This is the space where the present think piece sits – focussing on how official statistics can serve the public good, rather than looking at statistics as ‘public goods’ or stating what is ‘good’ for ‘the public’, and aiming to get to a point where understanding allows for practical decision making. We already provide practical guidance in the form of our Code of Practice for Statistics (the Code), which sets out a framework made up of pillars, principles and practices and states ‘statistics will serve the public good if producers follow the principles and practices set out in the Code’. However, knowing that the public good is being served by following the Code is not the same as understanding how to serve it, in the same way that driving a car is not the same as understanding the underlying mechanics. Although most of the time this deeper understanding may not be needed, in new or complex situations it can be beneficial.

To provide the strongest possible support for our statistical system, we therefore have chosen to focus on the question how can official statistics serve the public good? While our question of interest is specifically about official statistics, much of the content within this think piece could be applied more widely as well; given our remit is tied to official statistics, however, they remain our primary focus.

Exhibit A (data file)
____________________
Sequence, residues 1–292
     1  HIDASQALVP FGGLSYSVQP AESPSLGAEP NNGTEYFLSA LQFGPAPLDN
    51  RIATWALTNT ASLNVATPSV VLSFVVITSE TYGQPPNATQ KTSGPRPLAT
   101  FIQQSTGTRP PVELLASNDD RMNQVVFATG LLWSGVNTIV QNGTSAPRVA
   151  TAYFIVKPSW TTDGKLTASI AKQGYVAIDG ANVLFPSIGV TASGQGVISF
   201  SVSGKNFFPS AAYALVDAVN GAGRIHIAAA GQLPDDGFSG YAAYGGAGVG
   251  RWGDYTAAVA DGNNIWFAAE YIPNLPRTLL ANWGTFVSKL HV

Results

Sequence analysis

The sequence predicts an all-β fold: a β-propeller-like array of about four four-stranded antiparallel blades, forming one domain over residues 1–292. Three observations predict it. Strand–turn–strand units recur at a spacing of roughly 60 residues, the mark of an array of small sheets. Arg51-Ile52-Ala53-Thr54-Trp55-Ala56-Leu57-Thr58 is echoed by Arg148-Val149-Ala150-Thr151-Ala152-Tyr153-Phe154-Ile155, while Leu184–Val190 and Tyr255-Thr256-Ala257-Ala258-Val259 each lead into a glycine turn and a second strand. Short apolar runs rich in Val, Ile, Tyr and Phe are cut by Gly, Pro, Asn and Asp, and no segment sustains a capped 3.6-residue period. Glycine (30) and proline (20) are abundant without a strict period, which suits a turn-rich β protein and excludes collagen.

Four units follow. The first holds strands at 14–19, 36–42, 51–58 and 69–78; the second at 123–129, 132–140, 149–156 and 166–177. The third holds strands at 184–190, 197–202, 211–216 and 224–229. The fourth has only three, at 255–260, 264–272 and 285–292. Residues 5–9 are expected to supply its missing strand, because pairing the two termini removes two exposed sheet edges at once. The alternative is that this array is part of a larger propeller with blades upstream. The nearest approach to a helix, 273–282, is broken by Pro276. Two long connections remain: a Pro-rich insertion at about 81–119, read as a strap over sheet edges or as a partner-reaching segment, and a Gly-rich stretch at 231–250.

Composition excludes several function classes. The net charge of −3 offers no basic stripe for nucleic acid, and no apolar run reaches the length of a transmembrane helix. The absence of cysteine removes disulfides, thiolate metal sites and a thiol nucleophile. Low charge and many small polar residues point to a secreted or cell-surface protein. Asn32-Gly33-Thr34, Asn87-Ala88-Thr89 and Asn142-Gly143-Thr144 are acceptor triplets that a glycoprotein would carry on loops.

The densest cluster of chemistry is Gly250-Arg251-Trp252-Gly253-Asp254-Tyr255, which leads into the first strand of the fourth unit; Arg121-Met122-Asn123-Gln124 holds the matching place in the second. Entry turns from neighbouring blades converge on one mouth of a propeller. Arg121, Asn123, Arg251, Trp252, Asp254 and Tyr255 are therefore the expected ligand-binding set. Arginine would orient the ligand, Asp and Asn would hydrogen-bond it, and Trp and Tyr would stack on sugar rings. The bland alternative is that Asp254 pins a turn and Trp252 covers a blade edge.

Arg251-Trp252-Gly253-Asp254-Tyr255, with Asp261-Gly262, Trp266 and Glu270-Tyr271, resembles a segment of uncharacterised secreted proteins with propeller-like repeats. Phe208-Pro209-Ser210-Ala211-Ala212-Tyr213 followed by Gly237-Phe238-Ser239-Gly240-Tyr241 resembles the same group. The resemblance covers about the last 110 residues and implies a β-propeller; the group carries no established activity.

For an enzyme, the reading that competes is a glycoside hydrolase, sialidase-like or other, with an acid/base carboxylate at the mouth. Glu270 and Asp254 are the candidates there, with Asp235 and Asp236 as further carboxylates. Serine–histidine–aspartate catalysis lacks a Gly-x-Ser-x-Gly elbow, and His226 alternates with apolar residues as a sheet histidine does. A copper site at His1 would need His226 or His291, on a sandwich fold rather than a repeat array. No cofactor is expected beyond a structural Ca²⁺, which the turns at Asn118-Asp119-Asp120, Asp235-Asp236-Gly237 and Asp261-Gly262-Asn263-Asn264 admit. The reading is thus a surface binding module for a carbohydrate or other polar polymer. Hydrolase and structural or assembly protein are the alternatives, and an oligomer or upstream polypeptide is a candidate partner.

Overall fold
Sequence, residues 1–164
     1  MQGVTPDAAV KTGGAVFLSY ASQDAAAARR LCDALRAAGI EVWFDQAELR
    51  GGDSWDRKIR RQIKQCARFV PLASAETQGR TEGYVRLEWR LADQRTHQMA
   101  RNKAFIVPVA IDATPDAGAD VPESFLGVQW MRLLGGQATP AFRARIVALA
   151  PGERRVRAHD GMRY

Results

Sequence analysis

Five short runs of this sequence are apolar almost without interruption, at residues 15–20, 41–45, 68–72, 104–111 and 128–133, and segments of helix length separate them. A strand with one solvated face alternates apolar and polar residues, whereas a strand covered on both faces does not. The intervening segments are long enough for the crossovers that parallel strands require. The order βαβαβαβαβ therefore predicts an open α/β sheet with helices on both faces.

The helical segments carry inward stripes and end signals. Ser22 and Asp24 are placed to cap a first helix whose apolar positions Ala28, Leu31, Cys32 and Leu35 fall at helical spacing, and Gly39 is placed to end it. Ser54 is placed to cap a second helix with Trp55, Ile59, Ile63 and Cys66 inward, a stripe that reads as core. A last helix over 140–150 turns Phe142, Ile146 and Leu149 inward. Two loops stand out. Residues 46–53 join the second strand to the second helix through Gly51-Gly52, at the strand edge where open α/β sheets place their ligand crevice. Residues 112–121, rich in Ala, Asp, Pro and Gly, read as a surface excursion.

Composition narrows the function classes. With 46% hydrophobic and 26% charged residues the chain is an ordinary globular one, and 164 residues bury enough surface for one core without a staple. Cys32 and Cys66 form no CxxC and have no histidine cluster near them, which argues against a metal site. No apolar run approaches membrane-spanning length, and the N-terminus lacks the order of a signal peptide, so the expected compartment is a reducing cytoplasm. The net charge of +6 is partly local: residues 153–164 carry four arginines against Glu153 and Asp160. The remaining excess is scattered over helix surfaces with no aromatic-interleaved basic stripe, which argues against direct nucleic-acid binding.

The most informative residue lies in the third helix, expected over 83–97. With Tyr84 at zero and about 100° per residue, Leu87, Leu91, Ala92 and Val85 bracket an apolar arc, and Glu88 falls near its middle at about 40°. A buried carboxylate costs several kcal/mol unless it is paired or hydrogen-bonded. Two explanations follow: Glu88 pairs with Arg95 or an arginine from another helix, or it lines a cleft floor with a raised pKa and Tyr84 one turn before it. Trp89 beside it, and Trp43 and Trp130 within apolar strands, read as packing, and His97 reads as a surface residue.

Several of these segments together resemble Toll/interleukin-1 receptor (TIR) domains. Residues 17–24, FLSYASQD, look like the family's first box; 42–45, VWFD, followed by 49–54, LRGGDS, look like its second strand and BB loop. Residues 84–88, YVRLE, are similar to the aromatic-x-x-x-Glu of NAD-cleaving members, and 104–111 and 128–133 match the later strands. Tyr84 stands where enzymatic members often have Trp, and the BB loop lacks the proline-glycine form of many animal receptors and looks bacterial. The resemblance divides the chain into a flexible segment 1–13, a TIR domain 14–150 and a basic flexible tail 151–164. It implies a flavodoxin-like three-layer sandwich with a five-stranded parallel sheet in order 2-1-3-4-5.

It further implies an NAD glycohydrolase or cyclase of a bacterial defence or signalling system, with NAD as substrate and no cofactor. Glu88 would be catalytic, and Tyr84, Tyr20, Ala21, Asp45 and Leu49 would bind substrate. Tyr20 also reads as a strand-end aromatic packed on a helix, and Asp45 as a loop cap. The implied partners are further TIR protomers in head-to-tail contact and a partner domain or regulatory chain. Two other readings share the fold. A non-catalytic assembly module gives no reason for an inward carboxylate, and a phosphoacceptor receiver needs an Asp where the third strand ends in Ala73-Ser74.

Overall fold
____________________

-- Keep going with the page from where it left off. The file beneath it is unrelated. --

3.2 An initial answer

The evidence we have identified and discussions we have held to date have informed our thinking and supported the development of an initial understanding on how official statistics can serve the public good. To communicate our thinking in a succinct manner, we have captured our initial answer in a statement: